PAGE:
Immunity Plan for Tax Evaders Said to Be Usual
A controversial procedure under which tax cheats could pay back taxes and avoid criminal prosecution is a long-established part of Internal Revenue Service practice nationwide and is well known among attorneys specializing in tax disputes, legal experts said Wednesday.
The informal practice is described in official IRS manuals--and thus is sanctioned by the agency--and made available to anyone, not just those with close relationships with IRS officials, the experts said.
These views contrast sharply with characterizations made by congressional investigators this week probing allegations of misconduct at IRS offices in Los Angeles and elsewhere. Investigators contended that these arrangements, involving the Los Angeles office in particular, involved favoritism and were not approved by national IRS headquarters.
“It’s legal, there’s no question about it,” said Roger Olsen, a Los Angeles tax attorney and former assistant U.S. attorney general in charge of all federal tax prosecutions between 1981 and 1987.
“If you go to tax seminars, the subject is widely disseminated. It’s not a secret,” said Eugene D. Silverman, a Los Angeles tax attorney and a former attorney with the IRS and Justice Department. “I strongly feel it should be encouraged,” he added, noting that the IRS has received millions of dollars in tax revenues that it may not otherwise have recovered.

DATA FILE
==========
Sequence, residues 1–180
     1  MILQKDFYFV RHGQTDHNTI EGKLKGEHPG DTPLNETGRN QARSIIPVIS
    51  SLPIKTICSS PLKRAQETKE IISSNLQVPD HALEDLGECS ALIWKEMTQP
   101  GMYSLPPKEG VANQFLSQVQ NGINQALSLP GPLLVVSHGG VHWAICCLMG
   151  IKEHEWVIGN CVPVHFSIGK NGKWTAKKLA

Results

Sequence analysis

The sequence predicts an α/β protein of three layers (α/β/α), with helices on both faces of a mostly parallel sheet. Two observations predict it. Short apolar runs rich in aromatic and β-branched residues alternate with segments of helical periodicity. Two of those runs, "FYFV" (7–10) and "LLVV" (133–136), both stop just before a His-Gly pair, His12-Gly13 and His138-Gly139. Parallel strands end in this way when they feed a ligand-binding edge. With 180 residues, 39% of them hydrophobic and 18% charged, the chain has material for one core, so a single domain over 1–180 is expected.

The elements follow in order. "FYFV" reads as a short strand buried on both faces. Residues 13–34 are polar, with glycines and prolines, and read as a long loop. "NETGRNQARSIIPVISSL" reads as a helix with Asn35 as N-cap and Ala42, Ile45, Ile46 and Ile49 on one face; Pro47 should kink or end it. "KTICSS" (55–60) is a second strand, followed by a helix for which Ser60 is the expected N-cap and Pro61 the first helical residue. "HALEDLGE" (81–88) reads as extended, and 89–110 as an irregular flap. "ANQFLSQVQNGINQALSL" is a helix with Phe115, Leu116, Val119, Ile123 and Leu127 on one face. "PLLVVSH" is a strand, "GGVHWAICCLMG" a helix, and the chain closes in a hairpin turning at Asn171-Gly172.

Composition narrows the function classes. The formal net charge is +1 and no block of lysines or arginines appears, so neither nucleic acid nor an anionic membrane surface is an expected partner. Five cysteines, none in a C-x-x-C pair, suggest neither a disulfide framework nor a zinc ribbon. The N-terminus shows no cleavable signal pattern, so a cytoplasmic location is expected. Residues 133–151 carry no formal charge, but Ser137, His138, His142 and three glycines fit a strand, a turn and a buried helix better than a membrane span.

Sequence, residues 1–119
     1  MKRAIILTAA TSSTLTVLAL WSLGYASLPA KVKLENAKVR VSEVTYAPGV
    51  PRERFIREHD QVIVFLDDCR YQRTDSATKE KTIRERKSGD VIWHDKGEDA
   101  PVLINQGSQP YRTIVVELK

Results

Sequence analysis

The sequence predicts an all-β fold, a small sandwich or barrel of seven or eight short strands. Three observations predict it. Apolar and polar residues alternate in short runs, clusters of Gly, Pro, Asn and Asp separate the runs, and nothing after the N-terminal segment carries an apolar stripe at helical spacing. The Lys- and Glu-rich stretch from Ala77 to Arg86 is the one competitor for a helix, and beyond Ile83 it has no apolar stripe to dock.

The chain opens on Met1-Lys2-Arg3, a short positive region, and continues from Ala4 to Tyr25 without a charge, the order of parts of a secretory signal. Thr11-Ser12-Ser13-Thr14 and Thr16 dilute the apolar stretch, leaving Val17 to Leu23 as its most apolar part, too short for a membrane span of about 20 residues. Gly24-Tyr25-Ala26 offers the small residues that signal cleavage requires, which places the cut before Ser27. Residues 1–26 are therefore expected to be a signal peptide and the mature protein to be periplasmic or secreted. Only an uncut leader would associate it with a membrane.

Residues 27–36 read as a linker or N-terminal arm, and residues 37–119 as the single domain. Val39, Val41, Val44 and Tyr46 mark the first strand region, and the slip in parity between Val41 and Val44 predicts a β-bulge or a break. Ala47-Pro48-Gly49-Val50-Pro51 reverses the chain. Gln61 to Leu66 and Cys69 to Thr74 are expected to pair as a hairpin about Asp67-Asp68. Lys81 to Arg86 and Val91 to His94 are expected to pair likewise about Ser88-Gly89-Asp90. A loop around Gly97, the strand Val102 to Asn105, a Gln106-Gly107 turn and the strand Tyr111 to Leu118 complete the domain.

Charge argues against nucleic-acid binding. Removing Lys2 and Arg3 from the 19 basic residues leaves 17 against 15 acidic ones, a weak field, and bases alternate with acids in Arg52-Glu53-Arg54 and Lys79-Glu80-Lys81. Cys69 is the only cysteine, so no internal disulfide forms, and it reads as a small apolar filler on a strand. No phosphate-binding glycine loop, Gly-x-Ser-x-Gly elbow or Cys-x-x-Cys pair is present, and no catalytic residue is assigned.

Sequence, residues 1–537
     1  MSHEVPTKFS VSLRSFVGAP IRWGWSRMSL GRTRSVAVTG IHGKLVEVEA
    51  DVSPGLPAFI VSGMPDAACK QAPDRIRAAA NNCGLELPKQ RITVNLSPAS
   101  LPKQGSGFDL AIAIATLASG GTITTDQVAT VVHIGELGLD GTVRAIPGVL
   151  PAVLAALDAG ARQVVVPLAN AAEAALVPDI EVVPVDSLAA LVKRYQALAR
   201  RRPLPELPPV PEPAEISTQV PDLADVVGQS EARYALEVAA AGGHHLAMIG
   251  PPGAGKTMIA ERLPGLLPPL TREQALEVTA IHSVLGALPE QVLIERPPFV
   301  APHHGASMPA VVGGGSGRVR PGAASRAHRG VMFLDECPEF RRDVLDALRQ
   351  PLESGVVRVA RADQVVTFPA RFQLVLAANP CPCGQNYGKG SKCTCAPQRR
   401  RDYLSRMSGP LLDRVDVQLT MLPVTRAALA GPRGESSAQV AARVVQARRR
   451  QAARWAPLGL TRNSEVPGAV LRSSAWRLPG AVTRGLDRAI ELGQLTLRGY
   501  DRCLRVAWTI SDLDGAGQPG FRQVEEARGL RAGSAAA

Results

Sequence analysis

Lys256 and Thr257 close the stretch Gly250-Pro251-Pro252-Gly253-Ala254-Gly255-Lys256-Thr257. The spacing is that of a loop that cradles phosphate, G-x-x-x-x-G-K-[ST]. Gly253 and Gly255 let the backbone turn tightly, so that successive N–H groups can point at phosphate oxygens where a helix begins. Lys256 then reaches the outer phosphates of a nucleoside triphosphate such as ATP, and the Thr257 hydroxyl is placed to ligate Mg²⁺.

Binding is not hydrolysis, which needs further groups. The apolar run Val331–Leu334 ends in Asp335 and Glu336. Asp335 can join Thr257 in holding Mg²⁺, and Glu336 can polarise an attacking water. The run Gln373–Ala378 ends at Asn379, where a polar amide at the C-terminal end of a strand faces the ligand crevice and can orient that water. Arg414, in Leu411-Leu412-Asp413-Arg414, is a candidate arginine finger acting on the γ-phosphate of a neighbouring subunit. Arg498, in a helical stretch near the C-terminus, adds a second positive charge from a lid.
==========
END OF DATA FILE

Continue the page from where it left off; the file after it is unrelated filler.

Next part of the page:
IRS officials said Wednesday that the practice allows delinquent taxpayers to avoid prosecution for failing to file tax returns or other tax violations. It does not preclude criminal prosecution if taxpayers obtained income illegally or committed other non-tax violations. And the practice does not exempt taxpayers from interest and penalties owed, or from civil fraud penalties, and therefore is not an amnesty program.
“What we have here is a need to enforce the law, but also to be able to offer people who want to get back into the tax system . . . an opportunity to get back,” said IRS spokeswoman Ellen Murphy. She added that the agency does not know how much in taxes and penalties has been taken in, because the program is informal.
Congressional investigators described Tuesday how Sherman Oaks attorney Richard J. Trattner used the practice with the IRS’ Los Angeles office. He would offer a check for a down payment of a client’s taxes and the key to a safe deposit box containing the client’s unfiled tax returns. If the IRS indicated that it was unlikely that the client would be investigated, on the basis of a description of the case, Trattner would disclose the client’s name and the box’s location.
The arrangement for Trattner, a former special agent in the IRS criminal investigation division and assistant U.S. attorney, was never officially approved by anyone at the IRS Washington office, one investigator said. That implied that it was offered as a special favor to him because of his close ties to the agency.
Legal experts interviewed Wednesday said that Trattner’s safe deposit box method is novel. But they said that grants of immunity to tax evaders are part of an informal “voluntary disclosure” policy maintained at the IRS for years.